Bristol Bay fish prices shaping up as hot topic
Turmoil is roiling the Bristol Bay salmon fishery long before boats start ramming each other and running over nets.
One major issue is price, which last year averaged 50 cents per pound before refrigeration and production bonuses.
Last fall, fisherman Erick Sabo started a petition to compel the Alaska Department of Labor and Workforce Development to get involved by supplying a mediator to intervene between fishermen and processors. That petition failed to get the roughly 1,000 signatures, or one-third, needed to mandate state intervention according to statute.
The petition was still forwarded to Commercial Fisheries Division Operations Manager Forrest Bowers, who determined that it fell short.
“Currently there are about 2,800 permit holders in Bristol Bay, and he provided about 426 permit holders on the petition,” Bowers said, “so it didn’t meet the criteria for us to forward it on to the Department of Labor.”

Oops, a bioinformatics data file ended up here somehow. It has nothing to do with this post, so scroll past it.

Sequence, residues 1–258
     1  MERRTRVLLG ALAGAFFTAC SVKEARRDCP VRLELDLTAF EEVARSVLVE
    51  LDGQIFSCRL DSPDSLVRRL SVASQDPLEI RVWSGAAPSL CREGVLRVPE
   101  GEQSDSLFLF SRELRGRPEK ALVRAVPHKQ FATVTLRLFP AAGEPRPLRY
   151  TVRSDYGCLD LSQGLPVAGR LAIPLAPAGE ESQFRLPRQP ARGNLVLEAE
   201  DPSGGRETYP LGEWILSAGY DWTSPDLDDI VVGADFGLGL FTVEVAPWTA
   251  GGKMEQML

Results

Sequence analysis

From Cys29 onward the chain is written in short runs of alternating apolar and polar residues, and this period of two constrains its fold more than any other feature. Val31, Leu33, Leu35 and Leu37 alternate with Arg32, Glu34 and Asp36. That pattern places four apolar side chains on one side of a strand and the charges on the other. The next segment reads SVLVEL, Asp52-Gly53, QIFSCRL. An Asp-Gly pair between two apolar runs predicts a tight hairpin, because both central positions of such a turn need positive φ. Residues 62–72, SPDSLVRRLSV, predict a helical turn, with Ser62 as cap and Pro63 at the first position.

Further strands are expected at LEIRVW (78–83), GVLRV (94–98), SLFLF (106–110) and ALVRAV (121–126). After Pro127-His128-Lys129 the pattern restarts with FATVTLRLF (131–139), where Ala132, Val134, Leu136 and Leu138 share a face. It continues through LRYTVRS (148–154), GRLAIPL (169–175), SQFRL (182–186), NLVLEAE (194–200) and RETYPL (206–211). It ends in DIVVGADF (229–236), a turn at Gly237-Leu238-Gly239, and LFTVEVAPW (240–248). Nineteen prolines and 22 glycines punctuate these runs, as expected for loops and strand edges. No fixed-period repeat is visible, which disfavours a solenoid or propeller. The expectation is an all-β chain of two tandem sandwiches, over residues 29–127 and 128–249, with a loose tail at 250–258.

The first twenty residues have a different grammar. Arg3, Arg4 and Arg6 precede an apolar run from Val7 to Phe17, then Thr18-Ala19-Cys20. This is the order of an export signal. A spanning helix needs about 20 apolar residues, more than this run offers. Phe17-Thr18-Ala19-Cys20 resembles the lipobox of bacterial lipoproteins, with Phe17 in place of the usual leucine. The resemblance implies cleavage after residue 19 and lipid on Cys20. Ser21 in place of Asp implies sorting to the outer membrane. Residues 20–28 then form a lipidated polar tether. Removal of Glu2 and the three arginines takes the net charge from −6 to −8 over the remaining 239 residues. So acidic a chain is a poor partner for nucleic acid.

Even if it had succeeded, the whole thing put processors in a Catch-22 position: They could not meet together with a mediator preseason to discuss prices without running afoul of federal anti-trust laws, and they could not get involved in the process without discussing prices.
Sabo had a conversation with University of Alaska economist Gunnar Knapp, wanting to find out how to measure what was a fair and reasonable price.
Knapp said looking at percentage of wholesale value for historical prices was not the right approach; instead look at processor profit margins.
Sabo ran those numbers, limited because the Alaska Department of Revenue’s price/production report is redacted.
He separated out Bristol Bay salmon products including sockeye head and gut, frozen fillet and fresh, then multiplied production numbers by the average ADR prices, and went with the sales season which runs from May until April the following year, for five years.
In general, for the past five years, not including 2015, the processor margins averaged around 50 percent, he said.
“What that means is that if fishermen got paid $100 million, the pack value was $200 million,” Sabo said.